The IMF now expects 2020 global GDP to decline by 4.9%, versus the 3.0% fall it expected in April, while the OECD expects a 6.0% contraction.
According to ILO estimates in 2018, the share of informal jobs ranged between 85% in Africa and 40% in Latin America.
While the health impact of fake news is hard to measure, it may have contributed to a reported spike in non-identified cases in some states.
Travel restrictions by the end of March 2020 resulted in 67 million fewer international tourist arrivals and a loss of USD80bn of services exports.
Food & agriculture
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Expert Briefings capture the unbiased analysis of expert independent business leaders and academics on events as they happen. The reality of events and their implications are reported without restriction, as contributors are anonymous.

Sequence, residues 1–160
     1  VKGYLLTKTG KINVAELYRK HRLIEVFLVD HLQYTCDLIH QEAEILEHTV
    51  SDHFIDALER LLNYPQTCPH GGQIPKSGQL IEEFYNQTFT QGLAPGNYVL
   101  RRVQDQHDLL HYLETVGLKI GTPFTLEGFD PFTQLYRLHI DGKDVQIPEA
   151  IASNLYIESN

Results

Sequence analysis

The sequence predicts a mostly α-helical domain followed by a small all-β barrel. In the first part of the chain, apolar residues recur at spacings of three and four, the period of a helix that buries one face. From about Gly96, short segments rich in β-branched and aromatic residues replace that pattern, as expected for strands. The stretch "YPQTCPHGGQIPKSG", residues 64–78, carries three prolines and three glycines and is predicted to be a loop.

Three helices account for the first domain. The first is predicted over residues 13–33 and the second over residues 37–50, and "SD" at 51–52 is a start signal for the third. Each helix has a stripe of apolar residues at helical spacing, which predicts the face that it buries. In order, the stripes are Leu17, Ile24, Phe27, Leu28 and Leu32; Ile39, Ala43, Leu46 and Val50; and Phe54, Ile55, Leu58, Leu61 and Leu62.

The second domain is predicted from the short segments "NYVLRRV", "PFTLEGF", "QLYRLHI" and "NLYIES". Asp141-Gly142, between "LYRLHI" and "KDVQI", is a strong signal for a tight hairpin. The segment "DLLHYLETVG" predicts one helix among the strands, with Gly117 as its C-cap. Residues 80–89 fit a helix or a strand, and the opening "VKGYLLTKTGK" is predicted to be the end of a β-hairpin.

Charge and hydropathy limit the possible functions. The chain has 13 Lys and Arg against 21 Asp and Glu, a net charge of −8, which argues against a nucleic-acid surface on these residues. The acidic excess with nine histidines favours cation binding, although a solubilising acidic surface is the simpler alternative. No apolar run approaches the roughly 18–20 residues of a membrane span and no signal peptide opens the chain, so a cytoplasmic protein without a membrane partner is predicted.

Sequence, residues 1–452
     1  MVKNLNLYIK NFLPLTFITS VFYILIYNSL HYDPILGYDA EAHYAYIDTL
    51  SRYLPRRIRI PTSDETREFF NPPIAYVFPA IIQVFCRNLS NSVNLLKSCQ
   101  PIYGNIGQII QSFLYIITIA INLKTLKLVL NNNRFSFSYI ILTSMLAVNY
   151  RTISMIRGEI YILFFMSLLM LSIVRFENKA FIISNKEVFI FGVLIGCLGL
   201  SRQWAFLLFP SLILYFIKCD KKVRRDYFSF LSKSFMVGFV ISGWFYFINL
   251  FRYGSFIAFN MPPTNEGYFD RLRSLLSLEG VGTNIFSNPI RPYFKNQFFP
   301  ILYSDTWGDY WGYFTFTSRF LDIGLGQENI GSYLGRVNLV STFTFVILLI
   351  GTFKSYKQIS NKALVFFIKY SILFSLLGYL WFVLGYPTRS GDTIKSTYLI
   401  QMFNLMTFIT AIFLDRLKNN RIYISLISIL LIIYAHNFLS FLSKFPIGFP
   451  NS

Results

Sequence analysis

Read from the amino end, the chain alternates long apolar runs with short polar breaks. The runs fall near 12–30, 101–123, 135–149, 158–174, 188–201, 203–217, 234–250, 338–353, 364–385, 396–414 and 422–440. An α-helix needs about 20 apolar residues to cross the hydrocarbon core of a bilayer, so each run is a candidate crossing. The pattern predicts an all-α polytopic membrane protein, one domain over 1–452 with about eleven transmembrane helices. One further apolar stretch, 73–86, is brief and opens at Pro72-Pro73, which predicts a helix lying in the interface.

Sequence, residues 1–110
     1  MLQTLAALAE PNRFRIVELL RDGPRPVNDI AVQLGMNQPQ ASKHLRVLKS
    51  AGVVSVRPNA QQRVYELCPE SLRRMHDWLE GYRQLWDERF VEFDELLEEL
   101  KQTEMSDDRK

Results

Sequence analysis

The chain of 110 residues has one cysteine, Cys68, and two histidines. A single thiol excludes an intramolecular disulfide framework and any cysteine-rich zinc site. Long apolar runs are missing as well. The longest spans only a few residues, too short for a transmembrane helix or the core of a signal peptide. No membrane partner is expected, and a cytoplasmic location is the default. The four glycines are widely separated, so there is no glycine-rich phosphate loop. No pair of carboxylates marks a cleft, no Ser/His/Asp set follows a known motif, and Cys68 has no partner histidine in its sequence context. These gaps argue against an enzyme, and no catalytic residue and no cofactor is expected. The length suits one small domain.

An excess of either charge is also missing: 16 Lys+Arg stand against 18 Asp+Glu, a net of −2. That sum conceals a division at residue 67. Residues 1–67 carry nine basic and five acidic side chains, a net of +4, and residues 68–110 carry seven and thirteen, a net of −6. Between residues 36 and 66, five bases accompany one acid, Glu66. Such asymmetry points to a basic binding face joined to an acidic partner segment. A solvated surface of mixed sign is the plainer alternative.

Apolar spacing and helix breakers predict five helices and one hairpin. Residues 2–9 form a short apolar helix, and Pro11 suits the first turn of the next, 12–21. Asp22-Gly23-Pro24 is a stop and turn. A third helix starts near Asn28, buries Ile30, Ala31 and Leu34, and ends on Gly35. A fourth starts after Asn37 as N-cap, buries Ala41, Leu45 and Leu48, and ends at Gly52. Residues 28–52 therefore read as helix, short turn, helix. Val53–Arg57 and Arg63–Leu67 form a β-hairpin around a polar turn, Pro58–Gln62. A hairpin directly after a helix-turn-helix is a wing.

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- What are the global and local implications and predictions of COVID-19?
The Malala Fund estimates that 10 million more girls globally will be out of secondary school following the COVID-19 crisis. [SOURCE]
Education income is expected to fall sharply in 2020, with many jobs lost. The market contributed 6.8 billion dollars in the year to June 2019. [SOURCE]
Household spending on online education has expanded rapidly and is expected to grow by more than 12% this year. One leading online education platform, China Online Education Group, saw revenue rise 52% year-on-year during the first quarter. [SOURCE]
- Vaccine development has a 94% failure rate, but with some 169 vaccine candidates, a few successful ones should emerge. [SOURCE]